She came swinging immediately out of the gate, saying Sanders was out of his depth on foreign policy and unable to talk about it "without having some paper in front of him."
In one sentence, she summed up her argument: "It's easy to diagnose the problem; it's harder to do something about the problem."
Clinton landed blows once again on guns. "He kept his word to the NRA," she said of Sanders. And she delivered one of the loudest applause lines of the entire night by noting that throughout so many debates, "We've not had one question about a woman's right to make her own decisions about abortion."
Jewish voters make up nearly 1 of every 7 New York Democratic primary voters, according to a new NBC News poll, and Israel emerged as a key issue between Clinton and Sanders.
The candidates played against type on the Israeli-Palestinian debate, with Sanders, who is Jewish, speaking up for the rights of Palestinians, while the more hawkish Clinton advocated for Israel's conservative government. The argument at times was a toxic well of lefty political debates, with each adopting positions that would be familiar to any college dorm room debater.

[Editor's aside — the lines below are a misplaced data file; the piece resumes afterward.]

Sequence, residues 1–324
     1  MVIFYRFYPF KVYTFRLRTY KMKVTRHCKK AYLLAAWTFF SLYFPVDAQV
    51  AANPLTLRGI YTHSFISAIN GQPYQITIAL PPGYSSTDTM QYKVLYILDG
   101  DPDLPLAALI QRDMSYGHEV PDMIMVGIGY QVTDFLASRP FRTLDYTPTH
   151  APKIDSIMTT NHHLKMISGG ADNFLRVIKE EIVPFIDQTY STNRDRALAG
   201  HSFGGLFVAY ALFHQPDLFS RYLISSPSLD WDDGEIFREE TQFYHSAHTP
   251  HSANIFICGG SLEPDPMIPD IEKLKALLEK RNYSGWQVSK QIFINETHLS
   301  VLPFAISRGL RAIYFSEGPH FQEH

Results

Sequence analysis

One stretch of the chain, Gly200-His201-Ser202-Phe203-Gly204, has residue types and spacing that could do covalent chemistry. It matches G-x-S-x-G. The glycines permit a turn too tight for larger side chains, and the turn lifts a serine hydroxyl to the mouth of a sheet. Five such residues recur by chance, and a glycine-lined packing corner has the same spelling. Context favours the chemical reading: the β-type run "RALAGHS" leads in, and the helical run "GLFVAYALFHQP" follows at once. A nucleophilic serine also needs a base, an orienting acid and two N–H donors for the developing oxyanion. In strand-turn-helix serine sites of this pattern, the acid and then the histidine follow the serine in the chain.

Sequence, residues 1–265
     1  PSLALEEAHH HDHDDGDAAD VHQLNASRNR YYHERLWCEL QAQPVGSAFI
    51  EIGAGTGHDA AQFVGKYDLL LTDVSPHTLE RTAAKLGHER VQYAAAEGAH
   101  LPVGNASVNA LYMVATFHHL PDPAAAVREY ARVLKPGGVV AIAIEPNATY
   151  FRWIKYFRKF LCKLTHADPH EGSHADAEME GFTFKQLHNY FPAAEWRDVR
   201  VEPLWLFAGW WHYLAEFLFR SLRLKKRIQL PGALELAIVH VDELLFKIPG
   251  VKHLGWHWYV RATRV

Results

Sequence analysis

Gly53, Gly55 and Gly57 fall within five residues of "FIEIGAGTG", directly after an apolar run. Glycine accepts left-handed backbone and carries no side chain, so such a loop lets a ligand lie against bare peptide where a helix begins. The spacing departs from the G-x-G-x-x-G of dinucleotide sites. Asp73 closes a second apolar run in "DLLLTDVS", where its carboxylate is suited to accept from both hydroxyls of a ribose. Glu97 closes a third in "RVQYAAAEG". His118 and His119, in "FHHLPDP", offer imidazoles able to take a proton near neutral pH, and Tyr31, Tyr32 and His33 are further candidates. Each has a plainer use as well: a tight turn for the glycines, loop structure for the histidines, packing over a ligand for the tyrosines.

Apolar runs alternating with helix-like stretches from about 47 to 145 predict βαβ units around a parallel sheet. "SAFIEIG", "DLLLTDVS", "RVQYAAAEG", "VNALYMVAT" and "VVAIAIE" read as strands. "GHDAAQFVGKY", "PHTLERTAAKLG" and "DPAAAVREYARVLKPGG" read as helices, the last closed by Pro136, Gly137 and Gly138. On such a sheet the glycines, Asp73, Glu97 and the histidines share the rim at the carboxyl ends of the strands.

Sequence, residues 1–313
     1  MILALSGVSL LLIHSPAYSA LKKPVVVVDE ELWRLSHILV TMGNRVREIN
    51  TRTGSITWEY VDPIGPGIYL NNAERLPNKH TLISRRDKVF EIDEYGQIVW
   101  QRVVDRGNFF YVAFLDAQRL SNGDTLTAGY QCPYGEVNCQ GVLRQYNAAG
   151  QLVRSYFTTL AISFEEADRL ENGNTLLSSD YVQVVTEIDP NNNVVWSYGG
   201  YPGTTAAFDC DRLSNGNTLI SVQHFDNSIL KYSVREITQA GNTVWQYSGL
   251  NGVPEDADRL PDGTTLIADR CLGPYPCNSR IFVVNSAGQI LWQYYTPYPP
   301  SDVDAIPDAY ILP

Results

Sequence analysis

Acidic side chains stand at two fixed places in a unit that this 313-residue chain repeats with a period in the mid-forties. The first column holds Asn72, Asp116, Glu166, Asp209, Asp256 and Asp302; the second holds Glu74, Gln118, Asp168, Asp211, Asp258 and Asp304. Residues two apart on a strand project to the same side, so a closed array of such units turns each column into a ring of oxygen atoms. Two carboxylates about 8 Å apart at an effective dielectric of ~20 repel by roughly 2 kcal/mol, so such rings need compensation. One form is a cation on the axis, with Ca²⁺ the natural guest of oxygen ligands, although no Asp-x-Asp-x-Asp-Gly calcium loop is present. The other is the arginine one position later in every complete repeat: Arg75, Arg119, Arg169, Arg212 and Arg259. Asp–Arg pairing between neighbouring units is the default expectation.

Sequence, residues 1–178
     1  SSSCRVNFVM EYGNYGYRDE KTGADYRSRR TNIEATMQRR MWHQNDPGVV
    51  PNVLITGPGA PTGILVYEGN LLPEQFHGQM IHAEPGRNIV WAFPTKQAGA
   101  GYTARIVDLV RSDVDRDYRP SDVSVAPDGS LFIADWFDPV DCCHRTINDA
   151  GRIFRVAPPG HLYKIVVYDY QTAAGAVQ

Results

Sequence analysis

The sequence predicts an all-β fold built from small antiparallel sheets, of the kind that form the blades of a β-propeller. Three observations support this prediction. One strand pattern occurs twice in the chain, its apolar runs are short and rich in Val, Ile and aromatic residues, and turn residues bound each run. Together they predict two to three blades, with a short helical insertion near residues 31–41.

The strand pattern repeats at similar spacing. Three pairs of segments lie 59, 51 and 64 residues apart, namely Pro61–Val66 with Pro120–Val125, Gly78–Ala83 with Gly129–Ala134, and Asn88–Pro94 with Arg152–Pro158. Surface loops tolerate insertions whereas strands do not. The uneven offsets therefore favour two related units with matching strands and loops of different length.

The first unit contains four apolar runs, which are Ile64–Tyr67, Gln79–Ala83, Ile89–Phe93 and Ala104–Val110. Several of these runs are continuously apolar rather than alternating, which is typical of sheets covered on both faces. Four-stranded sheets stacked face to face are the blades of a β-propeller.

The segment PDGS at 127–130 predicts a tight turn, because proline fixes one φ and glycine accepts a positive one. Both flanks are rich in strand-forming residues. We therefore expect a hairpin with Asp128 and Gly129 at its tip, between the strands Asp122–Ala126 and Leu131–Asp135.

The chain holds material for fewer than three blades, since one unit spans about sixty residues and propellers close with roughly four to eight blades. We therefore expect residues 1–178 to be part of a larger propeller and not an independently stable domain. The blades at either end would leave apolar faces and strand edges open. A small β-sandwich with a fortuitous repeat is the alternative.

Sander criticized Israeli Prime Minister Benjamin Netanyahu's rigidity. And he knocked Clinton for devoting so little time to the plight of Palestinians in her recent speech to AIPAC, the Jewish lobby group that Sanders snubbed last month by declining to speak to them.
Clinton defended Netanyahu — his job is "very difficult," she said — and said the U.S. should engage in the region only "without ever undermining Israel's security."
New York State of Mind
Sanders, with his outer-borough accent, declares his origin with every word he speaks. But he reserved direct appeals for his closing argument. "I grew up in Brooklyn the son of an immigrant," he said, telling his family's story.